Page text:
Most of this is not – and indeed cannot be – held in the form of local currency. It is more than obvious that those who are significant recipients of such funds would speedily seek to transfer them into other assets. In India today, these are mostly land and other real estate property, gold and jewellery, benami accounts in banks, holdings of dollars and other global reserve currencies, holdings of stocks and shares through the anonymous vehicle of Participatory Notes and, most of all, sending the money abroad through various means.
Let us try to estimate what proportion of the money in circulation is black money that could be flushed out by this new measure. As noted above, estimates of the incidence of black money vary between 25 and 75 per cent of GDP. Meanwhile, we know that currency in circulation currently amounts to 12 per cent of GDP, and 86 per cent of this currency is in the form of Rs 500 and Rs 1000 notes.
But we also know that a significant proportion of our GDP – around half, according to current CSO estimates – is produced in the informal sector, and around 85 per cent of the population relies on it. This is unrecorded income, even though it is estimated in the GDP, but it is dominantly not “black” because incomes here are generally too small to fall into the direct tax net and are anyway subject to indirect taxes of various kinds. Indeed, the incomes of farmers (which are not taxed), the returns of small traders and micro entrepreneurs, the incomes of daily wage workers, the incomes of small service providers: all these and many more such incomes are clearly the result of what would be considered as “white” transactions even though they are not registered and reported to any fiscal authorities.
This informal economy in India is hugely, if not completely, dependent upon cash. The preponderance of the informal sector is indeed why more than 90 per cent of all transactions in India are still estimated to be in cash. It is not unreasonable to assume that anywhere between half to all ofthe estimated GDP of the informal sector would be in the form of cash transactions. Since estimated cash balances amount to 12 per cent of GDP, the cash equivalent of anything between 3 to 6 per cent of GDP is involved in such informal activity, which is completely legal.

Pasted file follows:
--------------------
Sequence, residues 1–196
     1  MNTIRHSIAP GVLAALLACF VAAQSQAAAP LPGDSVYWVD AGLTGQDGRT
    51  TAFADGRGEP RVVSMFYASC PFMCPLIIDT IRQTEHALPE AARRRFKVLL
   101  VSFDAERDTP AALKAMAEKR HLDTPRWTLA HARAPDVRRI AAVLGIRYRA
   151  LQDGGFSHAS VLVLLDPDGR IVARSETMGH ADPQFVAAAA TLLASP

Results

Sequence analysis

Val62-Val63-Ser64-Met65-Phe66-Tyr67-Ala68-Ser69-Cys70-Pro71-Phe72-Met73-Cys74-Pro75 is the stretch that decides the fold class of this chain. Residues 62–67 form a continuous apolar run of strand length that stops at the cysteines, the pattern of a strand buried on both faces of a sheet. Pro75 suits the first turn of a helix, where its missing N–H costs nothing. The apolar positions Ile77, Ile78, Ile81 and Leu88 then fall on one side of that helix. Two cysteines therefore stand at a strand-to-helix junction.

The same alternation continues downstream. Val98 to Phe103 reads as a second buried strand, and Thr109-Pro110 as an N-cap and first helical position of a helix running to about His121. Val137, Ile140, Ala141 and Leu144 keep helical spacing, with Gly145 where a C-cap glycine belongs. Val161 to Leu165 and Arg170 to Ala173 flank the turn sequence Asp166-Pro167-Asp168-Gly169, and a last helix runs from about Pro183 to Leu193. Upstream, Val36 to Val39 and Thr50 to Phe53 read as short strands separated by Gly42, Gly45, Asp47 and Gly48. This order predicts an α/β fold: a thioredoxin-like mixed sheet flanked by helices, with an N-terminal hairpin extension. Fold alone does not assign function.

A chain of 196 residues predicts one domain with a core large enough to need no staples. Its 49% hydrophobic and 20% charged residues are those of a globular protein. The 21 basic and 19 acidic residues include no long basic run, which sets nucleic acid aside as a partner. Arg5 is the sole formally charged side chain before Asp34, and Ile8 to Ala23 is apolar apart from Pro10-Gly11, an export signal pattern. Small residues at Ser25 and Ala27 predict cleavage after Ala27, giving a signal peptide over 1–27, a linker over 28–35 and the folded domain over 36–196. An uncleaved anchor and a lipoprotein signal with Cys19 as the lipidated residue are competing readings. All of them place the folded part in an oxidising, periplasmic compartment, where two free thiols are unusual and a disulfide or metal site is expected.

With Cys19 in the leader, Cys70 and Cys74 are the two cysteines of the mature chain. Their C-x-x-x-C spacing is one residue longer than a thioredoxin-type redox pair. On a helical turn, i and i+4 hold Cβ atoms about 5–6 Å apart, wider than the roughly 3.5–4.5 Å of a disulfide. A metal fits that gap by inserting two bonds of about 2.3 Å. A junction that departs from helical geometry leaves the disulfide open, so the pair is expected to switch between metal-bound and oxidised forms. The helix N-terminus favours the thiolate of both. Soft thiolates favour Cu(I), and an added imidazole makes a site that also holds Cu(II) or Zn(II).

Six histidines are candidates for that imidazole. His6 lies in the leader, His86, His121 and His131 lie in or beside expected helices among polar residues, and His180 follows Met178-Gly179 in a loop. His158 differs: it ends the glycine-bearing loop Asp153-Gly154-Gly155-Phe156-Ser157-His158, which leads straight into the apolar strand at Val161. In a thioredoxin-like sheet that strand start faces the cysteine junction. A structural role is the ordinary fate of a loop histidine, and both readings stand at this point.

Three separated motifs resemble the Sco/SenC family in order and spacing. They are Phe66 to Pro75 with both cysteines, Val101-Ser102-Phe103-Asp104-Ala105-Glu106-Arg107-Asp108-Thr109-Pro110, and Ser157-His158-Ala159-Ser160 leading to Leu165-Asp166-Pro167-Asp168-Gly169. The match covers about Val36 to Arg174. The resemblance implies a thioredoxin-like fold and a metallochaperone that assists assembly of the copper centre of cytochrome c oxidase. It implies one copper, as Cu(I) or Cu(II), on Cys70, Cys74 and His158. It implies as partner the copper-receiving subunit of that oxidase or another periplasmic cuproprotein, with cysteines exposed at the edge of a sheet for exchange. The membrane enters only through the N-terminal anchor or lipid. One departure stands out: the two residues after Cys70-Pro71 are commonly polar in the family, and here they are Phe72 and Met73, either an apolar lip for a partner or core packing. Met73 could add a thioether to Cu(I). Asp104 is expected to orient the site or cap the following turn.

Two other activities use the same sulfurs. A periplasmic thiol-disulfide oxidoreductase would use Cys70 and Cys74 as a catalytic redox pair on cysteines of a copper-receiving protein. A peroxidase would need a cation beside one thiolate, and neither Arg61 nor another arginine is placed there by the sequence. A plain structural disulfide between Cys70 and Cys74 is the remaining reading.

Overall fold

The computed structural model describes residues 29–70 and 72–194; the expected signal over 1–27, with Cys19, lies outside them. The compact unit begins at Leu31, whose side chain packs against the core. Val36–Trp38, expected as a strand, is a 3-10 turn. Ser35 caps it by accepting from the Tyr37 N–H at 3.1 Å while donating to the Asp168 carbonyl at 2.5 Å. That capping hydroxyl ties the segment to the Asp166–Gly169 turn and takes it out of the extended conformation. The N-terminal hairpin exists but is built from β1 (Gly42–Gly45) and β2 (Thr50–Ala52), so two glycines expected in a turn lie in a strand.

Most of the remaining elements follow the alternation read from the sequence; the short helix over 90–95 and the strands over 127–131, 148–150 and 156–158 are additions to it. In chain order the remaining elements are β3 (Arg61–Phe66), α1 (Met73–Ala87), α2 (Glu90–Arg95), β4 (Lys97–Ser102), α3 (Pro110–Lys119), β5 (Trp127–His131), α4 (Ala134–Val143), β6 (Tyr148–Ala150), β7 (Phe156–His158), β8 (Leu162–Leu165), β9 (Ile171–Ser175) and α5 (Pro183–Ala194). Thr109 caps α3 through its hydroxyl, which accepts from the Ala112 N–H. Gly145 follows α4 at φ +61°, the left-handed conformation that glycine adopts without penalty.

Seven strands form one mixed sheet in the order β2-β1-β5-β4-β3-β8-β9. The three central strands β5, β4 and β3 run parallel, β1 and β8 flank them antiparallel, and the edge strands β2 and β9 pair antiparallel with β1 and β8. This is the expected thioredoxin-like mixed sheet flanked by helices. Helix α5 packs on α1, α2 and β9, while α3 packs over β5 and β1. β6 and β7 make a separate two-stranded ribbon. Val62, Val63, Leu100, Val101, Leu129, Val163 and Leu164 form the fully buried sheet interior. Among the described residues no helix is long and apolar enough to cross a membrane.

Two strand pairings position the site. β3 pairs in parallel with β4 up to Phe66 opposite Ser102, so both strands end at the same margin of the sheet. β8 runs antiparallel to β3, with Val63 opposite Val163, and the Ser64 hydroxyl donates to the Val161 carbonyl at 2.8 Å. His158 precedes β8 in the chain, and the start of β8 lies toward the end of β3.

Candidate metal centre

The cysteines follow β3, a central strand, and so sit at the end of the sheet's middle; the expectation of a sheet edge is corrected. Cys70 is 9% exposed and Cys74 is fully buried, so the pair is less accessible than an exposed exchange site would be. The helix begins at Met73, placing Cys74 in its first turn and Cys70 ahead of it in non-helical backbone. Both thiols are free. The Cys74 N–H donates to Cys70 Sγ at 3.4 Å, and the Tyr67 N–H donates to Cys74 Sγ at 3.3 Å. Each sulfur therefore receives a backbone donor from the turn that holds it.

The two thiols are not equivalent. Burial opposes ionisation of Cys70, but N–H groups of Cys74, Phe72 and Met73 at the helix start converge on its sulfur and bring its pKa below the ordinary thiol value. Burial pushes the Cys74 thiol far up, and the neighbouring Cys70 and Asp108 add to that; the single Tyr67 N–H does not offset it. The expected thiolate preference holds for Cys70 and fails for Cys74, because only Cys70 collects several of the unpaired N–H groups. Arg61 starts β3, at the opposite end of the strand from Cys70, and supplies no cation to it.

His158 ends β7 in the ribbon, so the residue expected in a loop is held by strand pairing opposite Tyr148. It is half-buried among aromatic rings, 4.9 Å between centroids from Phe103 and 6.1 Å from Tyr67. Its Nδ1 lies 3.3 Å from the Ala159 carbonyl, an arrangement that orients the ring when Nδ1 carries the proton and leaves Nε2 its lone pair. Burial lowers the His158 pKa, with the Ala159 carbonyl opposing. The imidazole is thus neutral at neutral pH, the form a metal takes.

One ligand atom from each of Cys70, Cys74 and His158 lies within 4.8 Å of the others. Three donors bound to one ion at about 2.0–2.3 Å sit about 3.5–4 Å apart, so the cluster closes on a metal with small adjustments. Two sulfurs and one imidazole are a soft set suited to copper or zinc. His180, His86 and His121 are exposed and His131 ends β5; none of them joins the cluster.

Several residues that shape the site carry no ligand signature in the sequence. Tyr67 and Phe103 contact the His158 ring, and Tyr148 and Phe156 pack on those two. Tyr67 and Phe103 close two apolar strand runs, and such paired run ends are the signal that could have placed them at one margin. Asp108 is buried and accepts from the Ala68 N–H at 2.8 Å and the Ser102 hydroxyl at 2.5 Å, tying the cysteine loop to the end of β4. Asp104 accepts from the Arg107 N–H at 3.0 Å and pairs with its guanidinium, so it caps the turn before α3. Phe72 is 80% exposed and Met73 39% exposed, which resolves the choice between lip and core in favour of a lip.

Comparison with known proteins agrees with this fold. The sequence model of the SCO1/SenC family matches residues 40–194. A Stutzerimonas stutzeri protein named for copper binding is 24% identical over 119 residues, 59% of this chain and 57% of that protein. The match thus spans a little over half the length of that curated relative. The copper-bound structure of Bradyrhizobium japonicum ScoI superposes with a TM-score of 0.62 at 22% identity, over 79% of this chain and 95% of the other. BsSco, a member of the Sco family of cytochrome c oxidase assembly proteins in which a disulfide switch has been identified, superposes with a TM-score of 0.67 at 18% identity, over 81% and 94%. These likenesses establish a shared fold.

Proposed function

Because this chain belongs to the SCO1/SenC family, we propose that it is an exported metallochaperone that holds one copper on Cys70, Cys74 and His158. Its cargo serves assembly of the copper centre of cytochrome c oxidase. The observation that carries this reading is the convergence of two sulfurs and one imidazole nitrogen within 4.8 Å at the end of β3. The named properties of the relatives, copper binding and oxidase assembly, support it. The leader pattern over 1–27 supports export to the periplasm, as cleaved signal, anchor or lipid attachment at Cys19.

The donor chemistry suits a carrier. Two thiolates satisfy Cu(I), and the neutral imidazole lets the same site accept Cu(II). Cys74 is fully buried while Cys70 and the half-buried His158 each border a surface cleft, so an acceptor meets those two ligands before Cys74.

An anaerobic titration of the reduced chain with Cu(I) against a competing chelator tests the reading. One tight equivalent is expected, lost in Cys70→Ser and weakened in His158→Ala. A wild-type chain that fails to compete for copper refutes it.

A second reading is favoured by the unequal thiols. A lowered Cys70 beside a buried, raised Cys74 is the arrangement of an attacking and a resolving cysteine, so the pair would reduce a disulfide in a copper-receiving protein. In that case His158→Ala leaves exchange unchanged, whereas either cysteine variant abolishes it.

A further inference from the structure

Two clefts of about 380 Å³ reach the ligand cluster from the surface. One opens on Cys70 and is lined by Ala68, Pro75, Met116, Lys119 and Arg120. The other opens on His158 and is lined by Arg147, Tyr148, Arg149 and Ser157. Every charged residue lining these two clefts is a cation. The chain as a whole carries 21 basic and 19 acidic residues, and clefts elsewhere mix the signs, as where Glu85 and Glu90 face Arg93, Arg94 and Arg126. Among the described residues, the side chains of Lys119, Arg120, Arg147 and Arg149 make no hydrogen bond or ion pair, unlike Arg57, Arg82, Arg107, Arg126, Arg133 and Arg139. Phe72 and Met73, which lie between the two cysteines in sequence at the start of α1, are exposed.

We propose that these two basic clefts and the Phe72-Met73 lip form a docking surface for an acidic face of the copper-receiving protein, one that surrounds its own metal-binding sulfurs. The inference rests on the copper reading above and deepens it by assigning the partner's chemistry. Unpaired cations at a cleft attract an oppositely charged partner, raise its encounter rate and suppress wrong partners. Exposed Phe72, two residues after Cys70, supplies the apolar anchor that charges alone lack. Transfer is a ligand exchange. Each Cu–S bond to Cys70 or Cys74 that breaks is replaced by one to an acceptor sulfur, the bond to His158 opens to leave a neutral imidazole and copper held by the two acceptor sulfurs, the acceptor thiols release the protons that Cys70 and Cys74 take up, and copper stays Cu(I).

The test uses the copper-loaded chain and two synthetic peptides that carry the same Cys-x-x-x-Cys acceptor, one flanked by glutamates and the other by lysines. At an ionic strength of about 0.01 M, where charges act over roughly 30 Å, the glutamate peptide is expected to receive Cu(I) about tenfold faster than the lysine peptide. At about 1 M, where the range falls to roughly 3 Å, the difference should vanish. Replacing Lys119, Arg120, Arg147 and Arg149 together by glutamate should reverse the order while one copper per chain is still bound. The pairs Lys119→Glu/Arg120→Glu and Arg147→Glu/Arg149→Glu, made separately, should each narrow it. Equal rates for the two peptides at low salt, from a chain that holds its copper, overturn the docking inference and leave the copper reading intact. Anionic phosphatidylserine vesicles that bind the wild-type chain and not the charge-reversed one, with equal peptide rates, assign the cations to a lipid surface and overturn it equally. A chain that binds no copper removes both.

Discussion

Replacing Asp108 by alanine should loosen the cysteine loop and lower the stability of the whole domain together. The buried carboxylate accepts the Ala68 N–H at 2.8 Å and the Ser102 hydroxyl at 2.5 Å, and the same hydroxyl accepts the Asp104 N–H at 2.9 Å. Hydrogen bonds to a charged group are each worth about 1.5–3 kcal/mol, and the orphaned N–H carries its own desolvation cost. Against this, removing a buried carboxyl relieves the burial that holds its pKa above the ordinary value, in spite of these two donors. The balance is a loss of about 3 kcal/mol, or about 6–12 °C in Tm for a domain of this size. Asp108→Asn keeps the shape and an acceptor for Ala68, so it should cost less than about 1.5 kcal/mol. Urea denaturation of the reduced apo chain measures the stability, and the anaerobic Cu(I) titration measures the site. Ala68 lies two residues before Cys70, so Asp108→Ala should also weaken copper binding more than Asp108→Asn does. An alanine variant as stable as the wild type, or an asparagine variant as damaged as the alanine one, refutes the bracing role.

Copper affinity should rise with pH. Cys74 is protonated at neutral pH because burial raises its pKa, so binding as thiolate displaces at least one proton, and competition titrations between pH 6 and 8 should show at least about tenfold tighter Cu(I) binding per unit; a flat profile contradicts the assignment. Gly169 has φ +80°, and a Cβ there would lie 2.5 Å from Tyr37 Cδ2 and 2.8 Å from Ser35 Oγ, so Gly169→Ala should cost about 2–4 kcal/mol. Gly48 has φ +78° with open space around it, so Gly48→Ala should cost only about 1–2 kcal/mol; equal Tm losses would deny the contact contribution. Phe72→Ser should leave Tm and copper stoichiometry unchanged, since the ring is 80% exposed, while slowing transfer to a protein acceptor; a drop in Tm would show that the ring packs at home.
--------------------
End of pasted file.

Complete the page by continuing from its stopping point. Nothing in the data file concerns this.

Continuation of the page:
This in turn suggests that a move to demonetise larger denomination notes of Rs 500 and Rs 1000 would be successful only to the extent that it flushes out the part of black money that is held in cash, which would then be equivalent to 2.3 -5.2 per cent of GDP. In terms of the available estimates of black money, this comes to only 3.4-6.8 per cent of the NIPFP estimate of black money or 10-20 per cent of the smaller recent estimate provided by a private agency. In all these cases, the numbers suggest that only a tiny or at most a small proportion of black money (or rather, of the assets acquired through illegal or unrecorded transactions) would be captured through this move.
The impact of sudden demonetisation
Whatever little effect this measure may have to bring such black money out into the open would still be an unmitigated benefit, if the move did not simultaneously cause so much grief to innocent citizens. The fact is that the both the insensitive design and the shoddy implementation have already cause a huge amount of distress to different people in various ways, and the pain is likely to linger for some time. The rapid and sudden strike without warning meant that ordinary people had no opportunity to prepare for it. The immediate impact – in the form of drastic cash shortages leading to immense hardship especially among less privileged groups; long and tedious waiting times in queues that often prove to be fruitless because banks and ATM machines are unable to provide the required cash – all these have been widely portrayed in the media.
It is true that these are essentially temporary disruptions, which should be eased over the coming weeks. Even if that does not provide much comfort to those whose livelihoods have been adversely affected, there is the argument that this temporary pain is worth it to ensure the greater common gain of eliminating black money. As noted earlier, the latter goal is unlikely to be reached with this measure. However, some sectors like real estate are known for the fact that cash typically accounts for a substantial share of the transactions. Those engaged in this business (whether as buyers, sellers or intermediaries) who have been caught at the point when they happen to be holding large cash balances will be affected, and face substantial losses. To the extent that it curbs the tendency to demand a certain proportion of the price for a property transaction in “black”, and makes property more affordable, this is definitely a good thing.
However, there have been and will be other effects that are very damaging for the economy and especially for the groups that are already in a weaker position. It will definitely put a brake on economic activity. Indeed, the immediate dislocation, uncomfortable as it is, may even be less damaging than the medium term impact.